Kern TJ, Aromando MC, Erb HN.
J Am Vet Med Assoc 1989;195:369-373.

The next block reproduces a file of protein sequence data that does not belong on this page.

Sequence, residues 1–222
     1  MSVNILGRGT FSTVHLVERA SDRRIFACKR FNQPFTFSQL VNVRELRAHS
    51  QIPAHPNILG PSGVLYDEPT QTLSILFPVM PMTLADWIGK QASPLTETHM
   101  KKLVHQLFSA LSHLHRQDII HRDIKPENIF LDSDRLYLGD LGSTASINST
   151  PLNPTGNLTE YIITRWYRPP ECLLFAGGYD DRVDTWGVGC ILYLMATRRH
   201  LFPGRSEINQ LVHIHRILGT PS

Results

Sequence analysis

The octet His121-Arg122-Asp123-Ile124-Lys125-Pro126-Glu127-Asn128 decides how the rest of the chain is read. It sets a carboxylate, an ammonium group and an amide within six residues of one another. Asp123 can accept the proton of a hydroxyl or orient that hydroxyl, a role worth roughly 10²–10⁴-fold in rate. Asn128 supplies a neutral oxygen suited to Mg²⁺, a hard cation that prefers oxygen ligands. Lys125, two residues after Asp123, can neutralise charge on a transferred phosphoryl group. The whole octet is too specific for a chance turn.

The medical records of 74 dogs and 26 cats with Horner’s syndrome (HS) that were admitted to the New York State College of Veterinary Medicine between January 1975 and October 1985 were reviewed. In dogs, but not cats, HS was associated significantly (P less than 0.01) with increasing age. Dogs with hypothyroidism (defined liberally but not rigorously), intracranial neoplasia, or thoracic neoplasia, cats with otitis media/interna (defined liberally), and dogs and cats with brachial plexus root avulsion were at greater risk for developing HS than were animals that were hit by a car. Dogs and cats with otitis externa were at less risk of developing HS than were animals that were hit by a car. The cause of HS could not be determined in 50% of dogs and 42.3% of cats. The results of topical adrenergic drug testing in dogs were inconclusive in localizing lesion site. In dogs and cats, HS appeared to be unassociated with gender, breed, or right vs left side. The important causes of HS in dogs and cats were trauma (hit by car), brachial plexus root avulsion, intracranial and thoracic neoplasia, and otitis media/interna.